In The Media

United Nations Downplays Saudi Arabia-led Coalition’s Crimes Against Children in Yemen

National Yemen
Security Council
Written by Staff

That earlier draft said the Houthi rebels and affiliated forces were responsible for almost a third of the total 1,340 child casualties verified by the United Nations. One lists parties that have put in place measures to protect children, which includes the Saudi-led military coalition, and the other includes parties that have not.

In an effort to dampen controversy surrounding the report, the blacklist this year is split into two categories.

The draft, first reported by Reuters, names those countries and groups “that recruit or use children, kill or maim children, commit rape and other forms of sexual violence against children, or engage in attacks on schools and/or hospitals, or abduct children in situations of armed conflict”.

Earlier this year, United Nations sanctions monitors reported to the Security Council that the Saudi-led coalition had carried out attacks in Yemen that “may amount to war crimes”.

Guterres spoke to Saudi King Salman ahead of the release of the list, which United Nations officials had shared with Riyadh months earlier to avoid a repeat of the clash that followed the blacklisting by his predecessor Ban Ki-moon previous year.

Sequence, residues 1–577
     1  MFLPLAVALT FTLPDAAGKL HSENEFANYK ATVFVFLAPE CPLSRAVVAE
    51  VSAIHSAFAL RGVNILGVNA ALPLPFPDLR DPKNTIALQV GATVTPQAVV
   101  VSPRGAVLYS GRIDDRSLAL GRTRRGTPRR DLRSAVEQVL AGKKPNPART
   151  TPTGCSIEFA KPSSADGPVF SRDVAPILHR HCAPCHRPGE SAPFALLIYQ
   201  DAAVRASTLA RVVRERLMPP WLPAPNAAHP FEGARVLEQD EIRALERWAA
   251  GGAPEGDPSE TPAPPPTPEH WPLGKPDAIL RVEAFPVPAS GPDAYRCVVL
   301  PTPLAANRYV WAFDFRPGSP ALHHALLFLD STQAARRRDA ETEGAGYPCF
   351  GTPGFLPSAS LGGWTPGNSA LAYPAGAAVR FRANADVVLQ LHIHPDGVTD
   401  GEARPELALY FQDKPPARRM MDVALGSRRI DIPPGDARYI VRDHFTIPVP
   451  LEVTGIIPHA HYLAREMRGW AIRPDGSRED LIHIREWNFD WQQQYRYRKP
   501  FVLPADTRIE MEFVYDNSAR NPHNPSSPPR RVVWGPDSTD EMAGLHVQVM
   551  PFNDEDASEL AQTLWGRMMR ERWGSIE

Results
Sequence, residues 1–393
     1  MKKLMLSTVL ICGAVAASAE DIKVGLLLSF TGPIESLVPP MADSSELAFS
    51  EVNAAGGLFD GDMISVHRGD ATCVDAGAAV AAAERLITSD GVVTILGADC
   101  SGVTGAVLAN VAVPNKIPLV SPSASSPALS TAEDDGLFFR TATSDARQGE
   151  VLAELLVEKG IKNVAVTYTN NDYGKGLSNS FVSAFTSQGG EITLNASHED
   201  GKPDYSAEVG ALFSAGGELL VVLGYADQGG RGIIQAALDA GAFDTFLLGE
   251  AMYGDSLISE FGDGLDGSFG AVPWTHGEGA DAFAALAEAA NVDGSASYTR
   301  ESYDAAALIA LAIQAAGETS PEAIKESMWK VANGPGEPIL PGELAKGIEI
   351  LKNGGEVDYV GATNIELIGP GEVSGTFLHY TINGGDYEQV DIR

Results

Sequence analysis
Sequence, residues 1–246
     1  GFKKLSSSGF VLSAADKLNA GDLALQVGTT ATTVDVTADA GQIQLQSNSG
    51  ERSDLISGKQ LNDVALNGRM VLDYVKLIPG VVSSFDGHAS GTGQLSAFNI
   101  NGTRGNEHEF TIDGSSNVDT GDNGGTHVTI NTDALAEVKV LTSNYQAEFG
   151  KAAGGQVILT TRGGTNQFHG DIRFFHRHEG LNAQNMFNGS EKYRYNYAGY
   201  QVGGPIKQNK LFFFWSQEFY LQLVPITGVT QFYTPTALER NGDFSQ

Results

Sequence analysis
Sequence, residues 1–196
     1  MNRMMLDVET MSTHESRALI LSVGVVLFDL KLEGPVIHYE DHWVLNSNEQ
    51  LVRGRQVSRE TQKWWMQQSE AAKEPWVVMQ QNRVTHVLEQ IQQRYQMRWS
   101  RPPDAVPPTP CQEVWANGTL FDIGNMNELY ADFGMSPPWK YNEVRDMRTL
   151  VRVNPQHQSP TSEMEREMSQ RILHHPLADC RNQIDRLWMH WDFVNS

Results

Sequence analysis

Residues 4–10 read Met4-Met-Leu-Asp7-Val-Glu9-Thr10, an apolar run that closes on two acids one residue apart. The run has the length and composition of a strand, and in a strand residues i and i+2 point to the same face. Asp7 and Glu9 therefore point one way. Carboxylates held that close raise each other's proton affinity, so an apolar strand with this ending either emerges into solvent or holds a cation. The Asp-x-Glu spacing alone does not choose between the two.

Ban described his decision to remove the coalition off the list as one of the most “painful and hard”, but stood by his choice warning that “millions of other children would suffer grievously” in places such as Palestine, South Sudan and Syria if funding were cut.

Yemen has been devastated by more than two years of civil war in which President Abd-Rabu Mansour Hadi’s government, backed by the Saudi-led coalition, is fighting to drive the Houthis out of cities they seized in 2014 and 2015.

More than 10,000 have been killed, and three million have been displaced from their homes. It is due to be submitted to the U.N. Security Council this month, and the 15-member body is to discuss the report on October 31.

The annual children and armed conflict report is produced at the request of the U.N. Security Council.

Original Article